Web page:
ALBUM REVIEW: Pig Destroyer – Head Cage

Release Date: September 7th 2018
Label: Relapse Records
Website: None available
Facebook: www.facebook.com/therealpigdestroyer
Twitter: None available

Rating:

With their sixth full-length ‘Head Cage’, grindcore titans Pig Destroyer have decided to bypass what’s expected of them to deliver a collection of brutal songs with unexpected turns.

Commencing with ‘Tunnel Under The Tracks’, sampler Blake Harrison takes us on a sonic journey through a spoken word disclaimer accompanied with a swing motif. Before there’s time to anticipate where this may be leading us to, Bruno Nicolai influenced strings are met with a collage of screams and warped growls to bring back the stark reminder that this is undoubtedly a Pig Destroyer record.

The most startling change for this offering has to be the inclusion of space. Whilst there are still plenty of fast tempo riffs peppered throughout the record, guitarist and producer Scott Hull has added something new to their arsenal.

Most notably, tracks such as ‘Army Of Cops’ and ‘The Torture Fields’ center around bluesy grooves as their groundwork, shifting from chaotic punk changes to chugging mid tempo riffs to keep us constantly on our toes.

With the addition of John Jarvis, the group finally has a bassist, and that presence is certainly capitalised as a prime focus on ‘The Last Song’. By having a distorted bass line drive the song, it not only adds more dynamics to the album but highlights another direction for the band.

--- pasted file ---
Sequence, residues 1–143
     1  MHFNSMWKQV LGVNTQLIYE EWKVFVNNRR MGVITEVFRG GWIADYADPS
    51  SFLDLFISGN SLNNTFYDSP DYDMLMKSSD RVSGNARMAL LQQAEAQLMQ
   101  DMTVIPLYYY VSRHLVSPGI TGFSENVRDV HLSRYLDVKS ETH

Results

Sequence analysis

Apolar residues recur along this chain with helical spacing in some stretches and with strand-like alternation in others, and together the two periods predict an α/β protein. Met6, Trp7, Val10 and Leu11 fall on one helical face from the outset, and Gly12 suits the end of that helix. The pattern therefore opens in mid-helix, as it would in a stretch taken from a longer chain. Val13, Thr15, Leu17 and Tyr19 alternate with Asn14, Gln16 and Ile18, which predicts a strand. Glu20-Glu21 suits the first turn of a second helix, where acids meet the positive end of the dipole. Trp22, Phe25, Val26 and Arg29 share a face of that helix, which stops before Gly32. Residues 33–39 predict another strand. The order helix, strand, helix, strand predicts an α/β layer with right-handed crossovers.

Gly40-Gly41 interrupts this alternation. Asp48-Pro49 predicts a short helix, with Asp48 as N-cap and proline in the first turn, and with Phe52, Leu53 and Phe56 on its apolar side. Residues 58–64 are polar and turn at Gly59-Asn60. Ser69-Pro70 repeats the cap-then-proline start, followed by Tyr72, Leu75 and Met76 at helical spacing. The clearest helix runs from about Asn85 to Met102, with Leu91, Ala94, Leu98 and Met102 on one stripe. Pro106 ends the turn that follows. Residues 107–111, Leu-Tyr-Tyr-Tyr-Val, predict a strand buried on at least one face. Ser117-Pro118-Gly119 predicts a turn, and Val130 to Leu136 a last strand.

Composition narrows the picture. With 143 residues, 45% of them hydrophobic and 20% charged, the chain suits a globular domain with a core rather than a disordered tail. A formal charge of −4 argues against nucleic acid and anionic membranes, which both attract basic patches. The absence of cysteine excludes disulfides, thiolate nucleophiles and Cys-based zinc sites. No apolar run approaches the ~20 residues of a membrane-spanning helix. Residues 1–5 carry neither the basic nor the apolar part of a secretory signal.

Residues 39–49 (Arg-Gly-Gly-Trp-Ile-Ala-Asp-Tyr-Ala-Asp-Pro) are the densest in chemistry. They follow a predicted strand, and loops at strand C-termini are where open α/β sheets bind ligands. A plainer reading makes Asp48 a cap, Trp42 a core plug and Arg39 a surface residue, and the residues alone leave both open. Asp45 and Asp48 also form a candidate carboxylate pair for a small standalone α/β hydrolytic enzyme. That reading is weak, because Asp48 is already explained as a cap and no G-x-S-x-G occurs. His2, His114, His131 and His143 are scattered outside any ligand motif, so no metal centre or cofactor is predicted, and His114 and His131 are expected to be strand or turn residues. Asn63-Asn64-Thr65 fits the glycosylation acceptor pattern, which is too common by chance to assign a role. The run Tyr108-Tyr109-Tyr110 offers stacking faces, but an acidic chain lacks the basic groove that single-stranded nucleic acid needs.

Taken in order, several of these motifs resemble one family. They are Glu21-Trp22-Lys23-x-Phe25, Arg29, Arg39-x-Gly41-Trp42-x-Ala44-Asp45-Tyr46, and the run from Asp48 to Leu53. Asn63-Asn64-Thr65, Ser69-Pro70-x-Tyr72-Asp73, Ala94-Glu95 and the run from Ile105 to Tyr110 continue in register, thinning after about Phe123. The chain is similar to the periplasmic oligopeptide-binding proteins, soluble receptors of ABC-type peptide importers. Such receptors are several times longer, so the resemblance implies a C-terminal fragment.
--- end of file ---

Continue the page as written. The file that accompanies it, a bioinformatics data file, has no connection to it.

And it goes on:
The group don’t lose their focus for a moment, with ‘Trap Door Man’ and ‘Concrete Beast’ acting as prominent reminders of just how well they can craft a devastating listening experience. This is in the most part courtesy of drummer Adam Jarvis, who provides plenty of pummeling blast beats and dizzying cymbal accents.

‘Concrete Beast’ also boasts guest vocals from Agoraphobic Nosebleed‘s own Kat Katz, adding a throat shredding back and forth with J.R. Hayes‘ gutturals. Indeed, Hayes‘ delivery just doesn’t let up throughout, commanding us to pay attention with his frenzied growls.

When faced with the length of closer and standout track ‘House Of Snakes’, those familiar with Pig Destroyer could expect something akin to the 2008 experimental release, ‘Natasha’. Instead, what we’re greeted with is an uncompromising and relentless epic. From whiplash inducing drums to claustrophobic vocals, the track is devastatingly heavy.

Throughout the just over thirty-minute runtime of ‘Head Cage’, we’re shown everything that Pig Destroyer has been, what it is, and what it can be.